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YouTube to reduce default video streaming quality in Europe

by Mark Tyson on 20 March 2020, 12:31

Tags: YouTube (NASDAQ:GOOG), Netflix

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With governments around the world encouraging citizens to stay at home, socially isolate, and so on, many are using the internet more than usual. Those who can work at home, for example, will be indulging in teleworking which might involve the transfer of large files, video conferencing and so on. With school closures it is pretty certain internet gaming and streaming video consumption will climb too.

HEXUS last wrote about European internet providers being under strain at the start of this week, as Steam broke its 20m concurrent player record, and Italy witnessed a 70 per cent uplift in internet traffic since social distancing measures came into effect. At that time Vodafone UK said that there was nothing to worry about as additional network capacity was being brought online in anticipation of similar social distancing measures instigated by Westminster.

Today YouTube has announced it will start to dial down its streaming quality in Europe. As internet hosted video and streaming accounts for a substantial portion of internet traffic tweaks by sites like YouTube can go a long way to preventing potential gridlock.

YouTube's move doesn't mean that if you select the 720p setting in the options menu (for example) you will still get 720p but a file with stronger compression. Rather what YouTube is doing is making the default quality option 'standard definition' which is typically 480p or 360p. "We are making a commitment to temporarily switch all traffic in the EU to standard definition by default," YouTube said in a statement, shared by Reuters.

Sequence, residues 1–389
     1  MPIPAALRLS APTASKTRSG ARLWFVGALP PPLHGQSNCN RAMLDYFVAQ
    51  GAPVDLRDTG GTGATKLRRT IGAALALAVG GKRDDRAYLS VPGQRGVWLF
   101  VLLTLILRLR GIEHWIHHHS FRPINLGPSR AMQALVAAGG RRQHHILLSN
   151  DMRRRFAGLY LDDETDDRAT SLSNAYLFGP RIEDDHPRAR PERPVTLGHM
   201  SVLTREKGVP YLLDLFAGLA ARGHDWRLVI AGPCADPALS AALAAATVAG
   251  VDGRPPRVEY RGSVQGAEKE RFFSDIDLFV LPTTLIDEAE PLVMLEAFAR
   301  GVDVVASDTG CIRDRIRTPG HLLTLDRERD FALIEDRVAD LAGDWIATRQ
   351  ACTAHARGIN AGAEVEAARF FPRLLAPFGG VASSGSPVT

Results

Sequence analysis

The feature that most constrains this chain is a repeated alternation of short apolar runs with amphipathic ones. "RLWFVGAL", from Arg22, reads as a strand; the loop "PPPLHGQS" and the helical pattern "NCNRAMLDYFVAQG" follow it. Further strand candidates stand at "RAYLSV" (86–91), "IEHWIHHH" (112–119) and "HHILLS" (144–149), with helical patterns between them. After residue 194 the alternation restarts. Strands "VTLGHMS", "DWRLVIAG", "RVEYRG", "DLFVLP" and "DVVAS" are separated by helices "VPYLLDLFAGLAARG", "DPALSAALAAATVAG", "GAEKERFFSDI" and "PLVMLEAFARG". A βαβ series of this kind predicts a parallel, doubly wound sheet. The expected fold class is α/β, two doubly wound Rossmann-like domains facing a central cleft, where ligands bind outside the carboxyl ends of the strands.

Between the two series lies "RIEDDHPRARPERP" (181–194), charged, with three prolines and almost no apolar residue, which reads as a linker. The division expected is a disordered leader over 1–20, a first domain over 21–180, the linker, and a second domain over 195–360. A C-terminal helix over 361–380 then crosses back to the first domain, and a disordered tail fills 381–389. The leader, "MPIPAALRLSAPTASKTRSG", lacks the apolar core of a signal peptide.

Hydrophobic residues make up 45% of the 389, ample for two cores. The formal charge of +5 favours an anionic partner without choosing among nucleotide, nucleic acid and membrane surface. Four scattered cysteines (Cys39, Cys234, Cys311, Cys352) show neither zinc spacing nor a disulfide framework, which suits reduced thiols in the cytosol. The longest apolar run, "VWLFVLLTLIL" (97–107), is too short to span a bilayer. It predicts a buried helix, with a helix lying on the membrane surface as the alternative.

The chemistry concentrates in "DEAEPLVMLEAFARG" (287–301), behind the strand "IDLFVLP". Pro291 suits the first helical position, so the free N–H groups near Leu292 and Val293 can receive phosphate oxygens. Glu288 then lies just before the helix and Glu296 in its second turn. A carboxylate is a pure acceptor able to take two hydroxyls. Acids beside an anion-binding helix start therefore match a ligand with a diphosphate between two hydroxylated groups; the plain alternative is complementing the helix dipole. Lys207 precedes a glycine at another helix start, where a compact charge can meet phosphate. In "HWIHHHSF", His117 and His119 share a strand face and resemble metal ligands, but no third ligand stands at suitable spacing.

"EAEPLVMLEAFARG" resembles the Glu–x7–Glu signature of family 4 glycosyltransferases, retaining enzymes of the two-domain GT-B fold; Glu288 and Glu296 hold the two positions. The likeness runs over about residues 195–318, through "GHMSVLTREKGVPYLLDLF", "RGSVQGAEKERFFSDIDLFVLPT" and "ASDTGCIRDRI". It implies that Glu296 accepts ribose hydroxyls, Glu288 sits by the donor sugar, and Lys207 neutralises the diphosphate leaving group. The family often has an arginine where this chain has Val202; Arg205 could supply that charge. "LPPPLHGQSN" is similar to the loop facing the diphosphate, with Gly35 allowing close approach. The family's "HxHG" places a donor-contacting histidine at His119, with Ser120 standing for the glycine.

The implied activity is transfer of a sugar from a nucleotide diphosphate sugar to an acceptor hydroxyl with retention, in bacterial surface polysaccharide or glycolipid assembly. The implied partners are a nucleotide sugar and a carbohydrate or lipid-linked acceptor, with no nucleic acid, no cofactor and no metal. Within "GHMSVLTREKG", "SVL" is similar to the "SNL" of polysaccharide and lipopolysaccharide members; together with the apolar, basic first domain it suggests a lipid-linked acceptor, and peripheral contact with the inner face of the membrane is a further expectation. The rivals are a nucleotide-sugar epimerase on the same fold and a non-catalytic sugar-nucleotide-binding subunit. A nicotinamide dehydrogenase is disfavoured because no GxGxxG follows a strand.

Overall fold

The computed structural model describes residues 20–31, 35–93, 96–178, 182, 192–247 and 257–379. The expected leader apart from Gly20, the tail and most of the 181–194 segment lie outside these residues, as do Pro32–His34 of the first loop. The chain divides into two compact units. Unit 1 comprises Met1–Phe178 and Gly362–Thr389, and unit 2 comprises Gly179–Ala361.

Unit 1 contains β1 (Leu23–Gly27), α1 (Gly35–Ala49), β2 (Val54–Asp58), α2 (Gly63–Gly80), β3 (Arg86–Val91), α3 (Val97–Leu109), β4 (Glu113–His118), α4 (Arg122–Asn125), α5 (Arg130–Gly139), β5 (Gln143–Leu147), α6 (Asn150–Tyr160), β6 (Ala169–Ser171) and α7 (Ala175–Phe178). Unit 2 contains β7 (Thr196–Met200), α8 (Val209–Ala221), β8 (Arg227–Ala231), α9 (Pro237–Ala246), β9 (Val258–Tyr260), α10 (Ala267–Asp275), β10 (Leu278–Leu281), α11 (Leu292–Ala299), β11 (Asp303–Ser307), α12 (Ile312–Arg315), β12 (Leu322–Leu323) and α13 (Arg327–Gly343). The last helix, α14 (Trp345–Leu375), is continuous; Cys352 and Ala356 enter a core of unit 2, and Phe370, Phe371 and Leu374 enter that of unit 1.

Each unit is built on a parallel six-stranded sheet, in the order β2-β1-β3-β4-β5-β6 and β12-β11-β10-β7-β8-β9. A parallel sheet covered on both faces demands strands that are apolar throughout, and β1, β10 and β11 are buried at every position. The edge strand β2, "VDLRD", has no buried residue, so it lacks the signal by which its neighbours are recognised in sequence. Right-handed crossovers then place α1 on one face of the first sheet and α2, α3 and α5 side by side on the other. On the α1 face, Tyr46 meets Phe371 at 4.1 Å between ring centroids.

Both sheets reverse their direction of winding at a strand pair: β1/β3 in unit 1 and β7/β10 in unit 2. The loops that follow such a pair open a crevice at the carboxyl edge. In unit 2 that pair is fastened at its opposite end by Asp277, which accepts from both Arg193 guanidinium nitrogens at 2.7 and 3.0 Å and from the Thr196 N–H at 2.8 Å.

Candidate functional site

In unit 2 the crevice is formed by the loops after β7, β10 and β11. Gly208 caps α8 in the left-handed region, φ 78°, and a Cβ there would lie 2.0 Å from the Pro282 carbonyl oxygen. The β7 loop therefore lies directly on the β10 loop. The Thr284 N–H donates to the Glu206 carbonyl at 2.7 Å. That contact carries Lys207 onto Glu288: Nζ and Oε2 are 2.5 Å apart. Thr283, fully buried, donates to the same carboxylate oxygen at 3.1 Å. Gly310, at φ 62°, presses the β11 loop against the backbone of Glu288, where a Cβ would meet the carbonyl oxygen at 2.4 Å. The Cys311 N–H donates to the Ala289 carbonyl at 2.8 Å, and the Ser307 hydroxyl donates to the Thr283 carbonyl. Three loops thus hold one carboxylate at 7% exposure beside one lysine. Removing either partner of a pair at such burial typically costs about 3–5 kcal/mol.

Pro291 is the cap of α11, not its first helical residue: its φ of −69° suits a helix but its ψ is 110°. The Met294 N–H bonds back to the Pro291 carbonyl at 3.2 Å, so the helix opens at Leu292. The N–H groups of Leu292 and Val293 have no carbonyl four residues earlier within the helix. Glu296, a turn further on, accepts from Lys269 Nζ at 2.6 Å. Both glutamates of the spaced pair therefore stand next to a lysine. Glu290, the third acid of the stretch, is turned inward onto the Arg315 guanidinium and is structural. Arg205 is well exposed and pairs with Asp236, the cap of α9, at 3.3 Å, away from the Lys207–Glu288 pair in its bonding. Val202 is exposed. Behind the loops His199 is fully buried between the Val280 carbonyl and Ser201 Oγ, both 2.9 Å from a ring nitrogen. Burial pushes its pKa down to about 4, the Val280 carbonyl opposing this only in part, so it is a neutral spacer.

Yesterday Netflix announced that it was going to dial down streaming quality for European subscribers, for 30 days initially. Netflix asserted that viewers would still find the picture quality is good, even though it made changes to reduce transfer sizes by about a quarter. Video resolution won't be cut by Netflix, rather the bitrate will be reduced for the particular streaming quality you have on your TV/device/app. Netflix hasn't decided whether to make similar changes in other markets like North America as yet.

HEXUS Forums :: 10 Comments

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It'll take more than that to get the slackers to actually work. Specially if Pornhub don't do the same ;) :D
It looks like Amazon Prime and BBC iPlayer might be joining in with this trend to reduce video data traffic, according to a new report in The Guardian.
As are Netflix, they are reducing quality by 25%, I did ask if I would get 25% off my bill, I was told…………..no. So have cancelled the sub and back to the large collection of blu rays until normality restored :)
So. Increase prices several times.

Reduce devices (granted the lower resolution is due to covid19) but not even a sorry or thank you, never mind refund (or even discount)

I think reducing the default is perfectly reasonable.

Preventing people from selecting a high resolution though is just asking for them to cancel subscriptions.

I don't have any in the first place, so can't really say I'm fussed personally, but preventing customers from using the higher resolutions seems a bit draconian as a first step.